Dana Filek-Gibson learns that if you love them, you must let them go – but first, ask for their stuff.

Nobody loves a goodbye. As soon as it’s announced, every encounter with the departing expat becomes a painful mix of other people, anxiety and family-style dining. Feelings begin to crowd one another. People talk too much or sweat, sometimes from the eyes. Never mind the close-body contact, which raises some serious questions on farewell etiquette:  How long do you embrace? With what level of enthusiasm? When is it okay to pull away? Can hugs be insincere? Medically speaking, it wouldn’t surprise me if emotional stress caused our organs to turn themselves inside-out, because that’s what it feels like. Start to finish, the process is downright uncomfortable.

I’ve done many things in my day that you might call ‘strange’ or ‘inappropriate’ or ‘against aviation security’, but my most outlandish behaviour usually stems from these goodbyes. In the end, I will cry and eat my feelings, just like any other run-of-the-mill non-sociopath. But first, to stave off this common human reaction, I always like to spend a little time colouring outside the lines. For friends leaving from the international terminal, I will enter Tan Son Nhat in full motorbike garb – face mask on, helmet secured, reams of floral fabric billowing from my body – and attempt to operate a luggage cart as a xe om. If our last meeting is at a restaurant, supermarket, shopping mall or pet store, spontaneity might inspire me to give you everything in my wallet, or perhaps my whole purse. Should we part ways for the last time at a bar, I will consume equal amounts of alcohol and salted peanuts, ballooning my body to 10 times its size. Because the world as I know it is ending, there’s no telling what my brain will come up with. On most occasions, the results are regrettable and expensive.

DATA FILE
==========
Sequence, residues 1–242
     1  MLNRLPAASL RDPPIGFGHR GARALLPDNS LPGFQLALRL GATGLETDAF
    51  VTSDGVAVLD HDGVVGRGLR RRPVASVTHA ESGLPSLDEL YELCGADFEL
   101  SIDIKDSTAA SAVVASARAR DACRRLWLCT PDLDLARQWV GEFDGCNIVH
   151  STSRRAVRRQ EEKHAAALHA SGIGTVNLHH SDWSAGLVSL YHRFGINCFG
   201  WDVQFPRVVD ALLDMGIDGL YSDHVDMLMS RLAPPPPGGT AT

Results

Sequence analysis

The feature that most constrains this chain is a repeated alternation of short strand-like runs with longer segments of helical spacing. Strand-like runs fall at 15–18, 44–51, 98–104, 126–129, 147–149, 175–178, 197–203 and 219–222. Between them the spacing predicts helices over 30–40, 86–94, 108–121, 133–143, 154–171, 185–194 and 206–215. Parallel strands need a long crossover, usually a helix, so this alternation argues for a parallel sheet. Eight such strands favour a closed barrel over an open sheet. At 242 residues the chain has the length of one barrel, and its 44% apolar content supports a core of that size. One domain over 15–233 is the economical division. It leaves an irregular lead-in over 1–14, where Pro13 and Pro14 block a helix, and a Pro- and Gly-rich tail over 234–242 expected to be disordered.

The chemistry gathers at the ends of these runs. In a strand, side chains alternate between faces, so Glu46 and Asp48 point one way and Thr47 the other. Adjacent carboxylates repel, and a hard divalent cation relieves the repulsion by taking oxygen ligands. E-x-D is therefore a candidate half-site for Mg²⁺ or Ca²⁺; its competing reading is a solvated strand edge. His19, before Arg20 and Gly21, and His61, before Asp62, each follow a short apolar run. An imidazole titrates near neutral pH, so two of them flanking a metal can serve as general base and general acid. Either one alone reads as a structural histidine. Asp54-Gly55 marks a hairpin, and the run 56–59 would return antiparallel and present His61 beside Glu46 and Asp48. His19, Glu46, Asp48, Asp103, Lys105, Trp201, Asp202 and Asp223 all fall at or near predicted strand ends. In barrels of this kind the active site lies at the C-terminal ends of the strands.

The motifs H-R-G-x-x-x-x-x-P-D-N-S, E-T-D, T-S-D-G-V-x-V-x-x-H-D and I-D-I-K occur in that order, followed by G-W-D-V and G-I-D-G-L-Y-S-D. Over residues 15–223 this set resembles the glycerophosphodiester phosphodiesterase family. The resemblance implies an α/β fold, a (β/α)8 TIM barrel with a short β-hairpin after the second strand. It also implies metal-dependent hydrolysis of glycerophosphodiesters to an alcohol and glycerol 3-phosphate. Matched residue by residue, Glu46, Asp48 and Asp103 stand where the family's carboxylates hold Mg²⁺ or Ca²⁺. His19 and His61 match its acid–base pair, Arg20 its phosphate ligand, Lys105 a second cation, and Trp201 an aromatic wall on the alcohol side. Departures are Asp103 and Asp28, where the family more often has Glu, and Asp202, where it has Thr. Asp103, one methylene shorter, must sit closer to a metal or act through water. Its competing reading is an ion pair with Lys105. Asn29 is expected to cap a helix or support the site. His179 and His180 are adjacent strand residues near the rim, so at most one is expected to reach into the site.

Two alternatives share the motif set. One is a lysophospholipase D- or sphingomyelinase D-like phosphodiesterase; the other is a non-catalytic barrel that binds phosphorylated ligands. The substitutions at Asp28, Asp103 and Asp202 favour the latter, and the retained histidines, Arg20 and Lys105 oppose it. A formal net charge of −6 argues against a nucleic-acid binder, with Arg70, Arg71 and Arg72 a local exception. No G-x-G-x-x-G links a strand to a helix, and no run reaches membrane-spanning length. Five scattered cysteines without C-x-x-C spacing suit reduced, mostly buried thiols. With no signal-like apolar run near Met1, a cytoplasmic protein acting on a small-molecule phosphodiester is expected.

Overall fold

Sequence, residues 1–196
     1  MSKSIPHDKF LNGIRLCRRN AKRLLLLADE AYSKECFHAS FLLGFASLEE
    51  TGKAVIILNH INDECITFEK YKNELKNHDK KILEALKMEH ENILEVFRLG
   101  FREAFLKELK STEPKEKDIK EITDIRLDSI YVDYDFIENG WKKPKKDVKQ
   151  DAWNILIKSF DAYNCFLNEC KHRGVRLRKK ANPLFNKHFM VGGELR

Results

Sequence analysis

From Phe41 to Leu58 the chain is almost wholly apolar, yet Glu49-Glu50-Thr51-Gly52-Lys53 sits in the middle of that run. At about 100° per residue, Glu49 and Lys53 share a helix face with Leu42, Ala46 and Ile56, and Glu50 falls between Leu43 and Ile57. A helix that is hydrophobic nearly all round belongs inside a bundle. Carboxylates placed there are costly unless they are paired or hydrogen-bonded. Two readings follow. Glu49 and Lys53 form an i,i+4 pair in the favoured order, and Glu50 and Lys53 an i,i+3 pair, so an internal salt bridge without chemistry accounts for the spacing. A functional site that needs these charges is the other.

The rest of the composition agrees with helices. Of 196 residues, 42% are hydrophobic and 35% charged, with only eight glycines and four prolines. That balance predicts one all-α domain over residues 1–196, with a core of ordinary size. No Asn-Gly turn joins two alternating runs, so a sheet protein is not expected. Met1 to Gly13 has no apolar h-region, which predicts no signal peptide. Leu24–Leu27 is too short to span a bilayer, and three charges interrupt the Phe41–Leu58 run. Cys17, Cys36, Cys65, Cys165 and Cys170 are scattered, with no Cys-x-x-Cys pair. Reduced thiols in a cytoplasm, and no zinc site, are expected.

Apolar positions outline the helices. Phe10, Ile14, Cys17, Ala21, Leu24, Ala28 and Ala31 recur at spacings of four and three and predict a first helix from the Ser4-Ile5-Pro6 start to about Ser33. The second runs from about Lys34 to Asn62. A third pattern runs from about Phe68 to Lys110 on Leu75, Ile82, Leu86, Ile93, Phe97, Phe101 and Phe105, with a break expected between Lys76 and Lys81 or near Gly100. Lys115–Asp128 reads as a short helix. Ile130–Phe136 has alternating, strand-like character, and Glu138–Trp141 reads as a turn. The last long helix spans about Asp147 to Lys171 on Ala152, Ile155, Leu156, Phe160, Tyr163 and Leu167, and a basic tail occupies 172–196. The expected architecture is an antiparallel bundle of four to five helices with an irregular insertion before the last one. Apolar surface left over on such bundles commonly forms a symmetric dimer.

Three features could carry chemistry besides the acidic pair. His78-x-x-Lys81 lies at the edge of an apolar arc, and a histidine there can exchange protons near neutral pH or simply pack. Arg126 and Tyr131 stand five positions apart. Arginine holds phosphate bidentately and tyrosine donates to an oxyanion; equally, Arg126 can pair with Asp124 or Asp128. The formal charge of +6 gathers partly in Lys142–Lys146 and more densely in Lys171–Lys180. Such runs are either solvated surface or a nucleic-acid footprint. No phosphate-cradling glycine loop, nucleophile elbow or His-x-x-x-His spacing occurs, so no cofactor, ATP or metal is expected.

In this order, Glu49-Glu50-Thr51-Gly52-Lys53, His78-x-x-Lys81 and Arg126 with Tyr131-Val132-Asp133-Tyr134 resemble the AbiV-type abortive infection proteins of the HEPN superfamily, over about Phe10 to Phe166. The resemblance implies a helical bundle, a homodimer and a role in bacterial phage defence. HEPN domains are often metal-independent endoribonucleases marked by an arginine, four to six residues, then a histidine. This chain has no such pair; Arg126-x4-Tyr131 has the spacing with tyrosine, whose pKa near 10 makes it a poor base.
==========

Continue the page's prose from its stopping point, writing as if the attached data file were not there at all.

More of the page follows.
Which is why it’s been a weird month. For me, September included no less than three serious goodbyes. Not with gap-year expats or recent acquaintances, but with people I’ve known for as long as I’ve lived in Vietnam. Each took the liberty of inviting me to a large gathering in a public place and at each send-off I came, I overate and I pretended it wasn’t happening.

Until, of course, the evening ended. Well-wishers began to trickle out, reaching for keys and helmets. A long, odourous hug-parade began. To the departing expat, I said things like, “Have a good trip!” and “Take care!” and a variety of other canned phrases, which seem to be the only words I know at a time like this. A few rounds of skiddish eye contact later, I was home, standing alone in my darkened living room, still unable to grasp that a friend had just walked out of my life – perhaps for months, perhaps for years, perhaps forever.

This tugs at the heartstrings. If any of the above has made you feel feelings, I sincerely apologise. But rest assured that while I, weird and slightly insensitive, will reflect on these awkward farewells for weeks to come, my greatest distraction will be that I have acquired all their stuff.

That’s right. If being an expat has taught me anything, it’s this:  our lives may be transient, but belongings stay behind. People will come and go, friendships will form in real life and then slowly disintegrate over the internet, but that end table – or toaster oven or iPhone or sundress – that you’ve been quietly admiring for months, maybe even years, will last at least a little longer which, in expat terms, is forever. And when your expat family casts off for distant shores, you will be there to swoop in, share a tearful and potentially inappropriate goodbye, celebrate your friendship and, finally, redecorate.